Why Traditional Publishing is Still Not an Option for Most Writers

One of the questions I get asked the most by other, “serious” writers, is “Why aren’t you trying to get a traditional publishing deal?”

First off, I, like most other writers, don’t have the option or luxury of writing full time. We have bills to pay, families to feed, and all those pesky little necessities that insist upon being paid every month, like electricity and the mortgage. So for a huge chunk of us, with me being right there in amongst them, we have to have a full-time Evil Day Job that helps pay those bills and support our families. It’s a simple fact of life. Trust me, if I could afford to write full time and not have to work, I would quit this gawd-awful hell I go to each day and plop my happy arse down in front of my PC for 12 hours a day and pound out a few books a year. Unfortunately, I live in the real world, so I have to have my job to help pay the bills. It’s not a matter of choice; it’s a matter of my kids needing to have food in their bellies and a roof over their heads.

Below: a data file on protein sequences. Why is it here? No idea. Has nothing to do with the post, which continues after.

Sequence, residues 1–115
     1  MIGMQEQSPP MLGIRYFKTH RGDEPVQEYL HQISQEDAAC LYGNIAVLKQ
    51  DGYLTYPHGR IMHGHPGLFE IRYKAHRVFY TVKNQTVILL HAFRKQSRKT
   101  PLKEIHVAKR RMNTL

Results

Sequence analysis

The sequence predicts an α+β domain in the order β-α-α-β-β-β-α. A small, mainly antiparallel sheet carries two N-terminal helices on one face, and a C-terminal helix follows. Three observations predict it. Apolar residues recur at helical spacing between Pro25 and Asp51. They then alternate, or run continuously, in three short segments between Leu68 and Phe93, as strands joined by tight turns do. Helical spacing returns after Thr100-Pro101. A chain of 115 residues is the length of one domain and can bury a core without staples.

So I guess the next question for most everyone would be, “So what does that have to do with getting a traditional publishing deal?”

In the past few months I have seen numerous authors in my FB feed overjoyed that they finally got a traditional publishing contract, some of them from really big name companies. I’m happy for them, really, and I’ll admit, I’m absolutely pea-green with envy. But my first question to them, after congratulations, is “Did you get an advancement?”